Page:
(ii) Vol of KMnO4 = 50.0 cm3

(iii) The equivalence point is reached between 80 and 120 cm3 (precisely at 100
cm3). This means that the E value switches from a calculation based on
Fe3+/Fe2+ to one based on MnO4−/Mn2+.

(iv) The E value of MnO4−/Mn2+ (and hence, the oxidizing power of MnO4−) is
dependent on [H+];
or changes in [H+] affects the value of the measured E, because of
MnO4− + 8H+ + 5e  Mn2+ + 4H2O.

(d) J K L
5 (a) (i) Mg2+ cation has a higher charge density and distorts the carbonate electron
cloud more. Hence, MgCO3 decomposes at a lower temperature than BaCO3.

MgCO3(s)  MgO(s) + CO2(g)
BaxMgy(CO3)z  xBaCO3 + yMgO + yCO2

(ii) BaxMgy(CO3)z(s)  xBaO(s) + yMgO(s) + zCO2(g)

nCO2 = = 0.003 mol

BaO(s) + 2HNO3(aq)  Ba(NO3)2(aq) + H2O(l)

Similarly, Mg(NO3)2 is also formed.

Ba(NO3)2(aq) + H2SO4(aq)  BaSO4(s) + 2HNO3(aq)

nBaSO4 = nBaO = = 0.001502 mol
(137  32.1 64)
x : z
=1 : 2

By balancing O atoms,
3z = x + y + 2z
z = x + y
x = y

 x = y = 1; z = 2

(iii) CO forms strong dative bond with Fe2+ of haemoglobin OR undergo ligand
exchange and this is an irreversible process.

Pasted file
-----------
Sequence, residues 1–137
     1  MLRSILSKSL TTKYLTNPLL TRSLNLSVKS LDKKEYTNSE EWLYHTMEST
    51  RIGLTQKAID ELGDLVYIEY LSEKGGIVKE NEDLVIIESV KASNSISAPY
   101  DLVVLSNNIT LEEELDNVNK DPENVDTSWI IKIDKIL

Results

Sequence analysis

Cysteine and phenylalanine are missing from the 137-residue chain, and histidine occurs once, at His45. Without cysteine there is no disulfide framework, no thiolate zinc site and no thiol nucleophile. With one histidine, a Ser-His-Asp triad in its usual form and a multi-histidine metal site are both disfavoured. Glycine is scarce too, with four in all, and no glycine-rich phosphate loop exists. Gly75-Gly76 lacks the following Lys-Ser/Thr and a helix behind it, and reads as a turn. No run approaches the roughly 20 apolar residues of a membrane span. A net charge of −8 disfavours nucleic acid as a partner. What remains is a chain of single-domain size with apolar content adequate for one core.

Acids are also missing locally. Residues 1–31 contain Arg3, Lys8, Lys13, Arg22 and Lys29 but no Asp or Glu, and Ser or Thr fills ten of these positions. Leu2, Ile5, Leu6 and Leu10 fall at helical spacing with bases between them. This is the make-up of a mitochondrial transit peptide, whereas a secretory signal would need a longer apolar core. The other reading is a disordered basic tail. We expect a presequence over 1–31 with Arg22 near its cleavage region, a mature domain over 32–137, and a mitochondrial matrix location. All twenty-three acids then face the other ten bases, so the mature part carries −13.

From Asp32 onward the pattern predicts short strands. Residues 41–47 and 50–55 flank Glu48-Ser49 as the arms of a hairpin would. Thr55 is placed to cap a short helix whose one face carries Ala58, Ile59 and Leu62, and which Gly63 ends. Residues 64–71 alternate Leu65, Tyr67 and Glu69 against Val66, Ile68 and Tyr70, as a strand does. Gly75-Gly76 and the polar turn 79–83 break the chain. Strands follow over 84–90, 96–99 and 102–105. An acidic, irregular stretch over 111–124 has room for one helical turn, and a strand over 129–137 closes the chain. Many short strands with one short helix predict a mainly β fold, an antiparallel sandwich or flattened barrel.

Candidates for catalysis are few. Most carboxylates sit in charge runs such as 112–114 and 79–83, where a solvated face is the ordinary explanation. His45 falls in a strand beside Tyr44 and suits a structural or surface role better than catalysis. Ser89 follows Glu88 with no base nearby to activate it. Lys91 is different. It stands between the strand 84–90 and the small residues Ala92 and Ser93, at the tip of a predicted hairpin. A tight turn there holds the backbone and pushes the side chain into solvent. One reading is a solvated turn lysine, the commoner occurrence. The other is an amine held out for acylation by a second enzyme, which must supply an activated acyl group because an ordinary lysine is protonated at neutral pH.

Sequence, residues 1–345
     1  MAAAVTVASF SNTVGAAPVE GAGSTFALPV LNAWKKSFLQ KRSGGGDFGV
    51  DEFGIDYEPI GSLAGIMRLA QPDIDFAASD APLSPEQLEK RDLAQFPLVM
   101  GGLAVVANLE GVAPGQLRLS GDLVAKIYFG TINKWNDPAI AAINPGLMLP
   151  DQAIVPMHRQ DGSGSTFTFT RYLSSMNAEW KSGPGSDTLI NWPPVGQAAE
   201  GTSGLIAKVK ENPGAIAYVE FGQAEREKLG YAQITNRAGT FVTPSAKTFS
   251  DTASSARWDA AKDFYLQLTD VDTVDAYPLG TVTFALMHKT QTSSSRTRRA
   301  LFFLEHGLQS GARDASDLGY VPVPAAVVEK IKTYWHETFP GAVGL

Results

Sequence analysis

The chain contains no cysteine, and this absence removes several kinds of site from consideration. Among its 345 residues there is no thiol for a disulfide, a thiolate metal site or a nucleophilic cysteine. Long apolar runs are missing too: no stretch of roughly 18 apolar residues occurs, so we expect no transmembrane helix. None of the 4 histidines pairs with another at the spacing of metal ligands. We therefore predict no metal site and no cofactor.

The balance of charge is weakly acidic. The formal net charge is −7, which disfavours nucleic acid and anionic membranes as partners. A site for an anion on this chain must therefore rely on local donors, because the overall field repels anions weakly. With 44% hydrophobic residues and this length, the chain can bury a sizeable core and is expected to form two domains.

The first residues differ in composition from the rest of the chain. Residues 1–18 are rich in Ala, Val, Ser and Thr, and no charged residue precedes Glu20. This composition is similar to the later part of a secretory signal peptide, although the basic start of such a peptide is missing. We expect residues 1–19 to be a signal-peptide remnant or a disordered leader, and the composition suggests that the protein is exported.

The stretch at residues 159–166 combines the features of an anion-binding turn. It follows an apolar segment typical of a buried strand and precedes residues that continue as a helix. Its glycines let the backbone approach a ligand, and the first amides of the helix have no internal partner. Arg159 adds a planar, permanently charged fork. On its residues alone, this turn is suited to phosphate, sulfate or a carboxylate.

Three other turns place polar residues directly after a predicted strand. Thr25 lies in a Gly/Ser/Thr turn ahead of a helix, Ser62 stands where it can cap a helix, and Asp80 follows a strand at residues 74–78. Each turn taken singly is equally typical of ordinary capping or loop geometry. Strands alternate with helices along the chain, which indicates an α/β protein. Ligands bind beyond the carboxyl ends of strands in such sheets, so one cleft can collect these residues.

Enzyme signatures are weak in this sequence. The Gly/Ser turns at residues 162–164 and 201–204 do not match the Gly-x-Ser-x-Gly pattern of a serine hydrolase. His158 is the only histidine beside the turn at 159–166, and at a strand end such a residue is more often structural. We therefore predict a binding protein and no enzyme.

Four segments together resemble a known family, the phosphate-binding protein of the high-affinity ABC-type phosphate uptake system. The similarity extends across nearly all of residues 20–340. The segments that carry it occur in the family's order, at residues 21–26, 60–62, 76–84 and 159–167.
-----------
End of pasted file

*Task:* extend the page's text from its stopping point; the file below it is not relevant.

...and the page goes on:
Thus haemoglobin is unable to transport oxygen , causing death as the body is
deprived of oxygen.

(b) (i) Fe shows variable oxidation states due to the close similarity in energy of the 4s
and 3d electrons. Hence, once the 4s electrons are removed, some or all the 3d
electrons may also be removed without requiring much more energy.

For Ca, once the outermost electrons in the s orbitals are removed, subsequent
removal of electrons would be from the inner quantum shell which requires too
much energy.

(ii) In Ca, only 2 valence electrons are involved in metallic bonding. In Fe, both 3d
and 4s electrons are involved in metallic bonding due to their proximity in energy.
More energy required to overcome the stronger metallic bonding in Fe than in

(c) (i) Mg(OH)2(s) Mg2+(aq) + 2OH-(aq)

pH = 10.5, pOH = 14 – 10.5 = 3.5

[OH-] = 10-3.5 = 3.162 x 10-4 mol dm-3

[Mg2+] = x 3.162 x 10-4 = 1.581 x 10-4 mol dm-3

Mr of Mg(OH)2 = 58.3

Solubility of Mg(OH)2 = [Mg(OH)2(aq)]
= [Mg2+]
=1.581 x 10-4 x 58.3 = 9.217 x 10-3 g dm-3
= 9.22 x 10-3 g dm-3

(ii) Ksp of Mg(OH)2 = [Mg2+] [OH-]2
= (1.581 × 10-4) (3.162 × 10-4)2
= 1.581 x 10-11 mol3 dm-9
= 1.58 x 10-11 mol3 dm-9

(d) (i) A and B but not C react with Tollens’ reagent  A and B are aldehydes, C is a

A and C react with alkaline aqueous iodine to give a yellow ppt  have


 A: CH3CHO; B: HCHO; C: (CH3)2CO

(ii) CH3CO2ˉ + CH3CH2Br  CH3CO2CH2CH3 + Brˉ
D: CH3CO2ˉ

Nucleophilic substitution

(iii) HCHO will be oxidised to HCO2H which is unstable and thus decomposes to
form CO2 gas and H2O.